This is pretty much the same as the review I posted on Letterboxd. Later I’ll post a separate, more detailed version containing spoiler discussion.
The Avengers (all right, “Avengers Assemble” if you insist) really is extraordinarily good. It’s pretty much everything that’s fun about superhero comics translated directly onto the screen – I was hoping for as much from Joss Whedon and he delivered.
Like Serenity and the Buffy the Vampire Slayer season 5 finale, it’s extremely well-structured so that everyone gets more than one moment to shine in both dialogue and action scenes; I can’t think of another action movie that has so many characters and is so well-balanced between them all, and all the different combinations of arguments and team-ups between them.
It’s also extremely funny (but mostly not in that trademark Joss Whedon “Buffyspeak” way that some VERY WRONG people find “precious” and annoying). It has better Tony Stark dialogue than either Iron Man movie. Having said that, the funniest gags are visual ones that involve the Hulk…
I often complain that superhero films’ weakest parts tend to be their climactic action sequences: the stakes are raised, and believability is strained. As a rule of thumb, the closer to Armaggedon a superhero film’s climax gets compared to the preceding parts of the movie, the more disappointing it’ll be. Well, for once we have a superhero film whose best action scene comes at the end! It’s one of the best-sustained action finales since The Matrix, constantly spectacular and containing countless satisfying moments in both action and dialogue – most of which also happen to be very funny. The constant barrage of events means that spectacular actions that would have been highlights of these superheroes’ individual films are easily forgotten amidst the rush of even better actions. And yet it’s all presented in a coherent way, with the geography of the battlefield remaining clear throughout – there are none of the incomprehensible shakycam shots that spoiled The Dark Knight‘s action scenes.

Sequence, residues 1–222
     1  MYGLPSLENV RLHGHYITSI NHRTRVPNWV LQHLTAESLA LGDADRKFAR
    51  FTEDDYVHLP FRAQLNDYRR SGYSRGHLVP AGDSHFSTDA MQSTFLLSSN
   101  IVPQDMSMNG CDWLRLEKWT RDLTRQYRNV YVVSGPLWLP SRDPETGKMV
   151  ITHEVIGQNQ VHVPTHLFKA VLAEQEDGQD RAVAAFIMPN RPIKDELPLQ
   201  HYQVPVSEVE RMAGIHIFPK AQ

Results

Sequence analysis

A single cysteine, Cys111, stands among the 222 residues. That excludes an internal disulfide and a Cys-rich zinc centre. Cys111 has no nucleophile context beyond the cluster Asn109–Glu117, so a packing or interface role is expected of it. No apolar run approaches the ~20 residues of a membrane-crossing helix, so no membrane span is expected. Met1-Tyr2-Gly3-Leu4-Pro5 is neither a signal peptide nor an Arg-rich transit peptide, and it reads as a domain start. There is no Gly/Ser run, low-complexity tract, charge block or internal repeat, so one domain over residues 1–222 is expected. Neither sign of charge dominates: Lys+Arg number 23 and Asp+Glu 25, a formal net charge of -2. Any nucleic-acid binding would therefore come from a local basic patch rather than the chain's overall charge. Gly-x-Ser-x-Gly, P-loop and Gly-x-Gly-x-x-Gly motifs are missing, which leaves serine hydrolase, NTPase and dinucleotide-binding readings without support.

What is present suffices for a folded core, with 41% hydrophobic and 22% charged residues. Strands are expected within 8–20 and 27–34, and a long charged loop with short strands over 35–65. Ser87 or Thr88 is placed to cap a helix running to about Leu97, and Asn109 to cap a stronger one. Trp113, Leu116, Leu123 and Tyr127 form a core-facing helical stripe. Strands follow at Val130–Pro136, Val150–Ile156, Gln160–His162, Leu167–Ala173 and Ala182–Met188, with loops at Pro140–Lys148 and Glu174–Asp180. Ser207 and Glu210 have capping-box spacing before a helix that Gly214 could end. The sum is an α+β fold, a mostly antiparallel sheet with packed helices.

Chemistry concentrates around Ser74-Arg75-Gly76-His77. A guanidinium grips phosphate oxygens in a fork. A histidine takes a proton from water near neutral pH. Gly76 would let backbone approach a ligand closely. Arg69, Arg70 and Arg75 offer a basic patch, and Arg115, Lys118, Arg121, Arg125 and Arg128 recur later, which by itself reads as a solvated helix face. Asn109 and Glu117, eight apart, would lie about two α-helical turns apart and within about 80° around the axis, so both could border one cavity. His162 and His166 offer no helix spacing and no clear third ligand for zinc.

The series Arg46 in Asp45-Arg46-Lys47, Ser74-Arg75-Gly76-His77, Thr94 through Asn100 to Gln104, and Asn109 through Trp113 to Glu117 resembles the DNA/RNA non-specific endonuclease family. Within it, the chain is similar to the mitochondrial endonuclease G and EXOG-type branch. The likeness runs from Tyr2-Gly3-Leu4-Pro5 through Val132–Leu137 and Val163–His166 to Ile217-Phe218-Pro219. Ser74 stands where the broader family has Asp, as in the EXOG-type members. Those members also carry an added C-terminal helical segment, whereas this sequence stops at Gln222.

And that’s just the third act action finale! The big mid-film action sequence, which splits up the characters into pairs, is almost equally good.
However, the best single scene in the whole film isn’t an action scene. A standard phrase Joss Whedon has used in promotional interviews is “I wanted to figure out why all these different characters should even be in the same room as each other”. Well, that scene where they are all in the same room as each other turned out to be the film’s absolute highlight. There have been lots of action films that I’ve enjoyed at the cinema for their sheer spectacle but then have felt little desire to rewatch because that they didn’t have much else going for them (Avatar comes to mind) – but due to scenes like that, The Avengers isn’t one of them.
The film’s plot isn’t exactly intricate: it’s extremely tightly focused around the MacGuffin from Thor and Captain America. However, this isn’t a bad thing: in a film of this scale, ensuring the characterisation and action is satisfying is an ambitious balancing act as it is, without adding a complex plot as chaotic as that of The Dark Knight into the mix as well.
The film doesn’t carry any sort of larger real-world message; it’s really just a movie about these specific characters – about guys in silly costumes beating the crap out of each other. But as far as movies about guys in silly costumes beating the crap out of each other go… well, it’s hard to imagine how they could get much better.
News! There’s a new Buffy the Vampire Slayer reimagining on the go (which, as Slashfilm points out, is completely unrelated to the one that was rumoured in 2009), which caused Joss Whedon to give an amusing response that was reminiscent of his Terminator franchise proposal a while ago.
This provides a great excuse for me to air my pet prediction regarding his next movie!
I can see one of two things happening with The Avengers:
A) The film makes an obscene amount of money eclipsing Titanic, Avatar, and all the Harry Potter and Bond movies put together. Studios fall over themselves to let Whedon make whatever he wants, which happens to be a Buffy the Vampire Slayer movie. Then — while finding time to do some part-time script-doctoring on a couple of Pixar films, because they’ve really missed his help since the original Toy Story — he goes to HBO and makes more episodes of Firefly, which runs for ten seasons, three feature films and a spin-off animated series, is universally adored, and ushers in a new utopia of world peace and prosperity, Wyld Stallions-style.
B) Coming fourteen years after Blade, twelve years after X-Men and ten years after Spider-Men, it has the misfortune to be released just after the end of the superhero movie boom and flops miserably.